I think the pandemic has made people realise the importance of managing their personal wealth. The stimulus packages, and reduced expenses such as lower mortgage rates, not being able to travel or go on holiday, gave people extra savings to start investing. Those two factors certainly had a positive impact in the industry and contributed to our growth.
What is the most exciting trend or innovation happening in your field in terms of growth?
Our industry faces a misconception regarding who our customers might be. Being an online investment advisory platform and being active in social media like YouTube, can sound to many people like we are ‘millenial-oriented’ or just aim at the younger generations.
Fortunately, that's not necessarily true. We're actually seeing more and more seasoned investors switching to online investment advisors. Simply, because they also want to manage their money smarter with our low-fee transparent investment service.
It’s pleasing to see that it’s no longer younger generations that are empowered by the world of digital.
As a marketer, what do you believe is the biggest challenge facing your industry in the future?
In Marketing, Privacy is obviously a top concern for everyone.
Another challenge for us marketers that’s not as frequently mentioned, revolves around the idea of building a long-term and trustworthy brand. It’s common to see brands that do great for a short period of time, but a year later you don't hear from them anymore. They're gone. Often, it’s related to an unsustainable strategy and misusing marketing budgets. Other times, it is due to competition or the boom and bust of technological innovations in that particular sector.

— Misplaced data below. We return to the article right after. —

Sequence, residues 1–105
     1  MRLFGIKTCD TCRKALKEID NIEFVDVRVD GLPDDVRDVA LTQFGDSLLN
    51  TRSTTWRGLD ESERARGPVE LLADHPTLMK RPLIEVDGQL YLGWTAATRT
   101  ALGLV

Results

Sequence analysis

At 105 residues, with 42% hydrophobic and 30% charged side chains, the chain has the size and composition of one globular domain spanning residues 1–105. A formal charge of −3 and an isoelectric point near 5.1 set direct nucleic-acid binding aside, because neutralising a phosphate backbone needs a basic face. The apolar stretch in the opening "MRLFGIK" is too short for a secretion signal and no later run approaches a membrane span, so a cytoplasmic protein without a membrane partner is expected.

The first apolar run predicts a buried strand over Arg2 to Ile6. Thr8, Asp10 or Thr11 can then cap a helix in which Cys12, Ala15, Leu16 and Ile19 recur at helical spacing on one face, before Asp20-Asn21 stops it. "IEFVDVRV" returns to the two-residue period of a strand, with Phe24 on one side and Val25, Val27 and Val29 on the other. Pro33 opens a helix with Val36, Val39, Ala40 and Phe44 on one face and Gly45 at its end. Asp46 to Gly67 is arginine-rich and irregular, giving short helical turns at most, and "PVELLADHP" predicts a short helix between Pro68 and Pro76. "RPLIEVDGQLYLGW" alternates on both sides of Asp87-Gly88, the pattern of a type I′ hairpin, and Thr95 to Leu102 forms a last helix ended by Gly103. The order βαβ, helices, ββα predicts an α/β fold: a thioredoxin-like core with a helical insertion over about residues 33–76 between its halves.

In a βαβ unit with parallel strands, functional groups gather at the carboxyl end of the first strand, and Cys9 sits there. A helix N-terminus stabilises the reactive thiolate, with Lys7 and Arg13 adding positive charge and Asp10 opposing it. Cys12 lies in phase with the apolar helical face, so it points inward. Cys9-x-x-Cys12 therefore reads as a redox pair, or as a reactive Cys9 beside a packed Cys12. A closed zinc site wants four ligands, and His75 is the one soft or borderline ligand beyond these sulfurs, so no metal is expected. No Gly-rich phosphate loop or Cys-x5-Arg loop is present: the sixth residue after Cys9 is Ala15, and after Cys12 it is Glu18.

The key to building a long-term and sustainable brand, with new competition constantly appearing, comes down to building that trusting relationship between a company and its customers. Build a great product that they can use conveniently, be there when they need you and communicate with authenticity and empathy.
Everyone loves a brand that’s honest and helpful!
Tools, recommendations & sources of inspiration
What does a typical day look like for you? How do you structure your week?
I like to get myself ready before I start working. Going straight to emails isn't really my style. I love to do my morning rituals, like going out for a walk, getting my morning coffee and then coming back, ready to start.
I begin by checking the numbers from the previous day, looking into analytics for insights and reviewing the priorities of the day. Then we do a morning stand-up to understand what everybody is doing, but most importantly, our stand-ups allow us to check in with the teams and see how they are doing.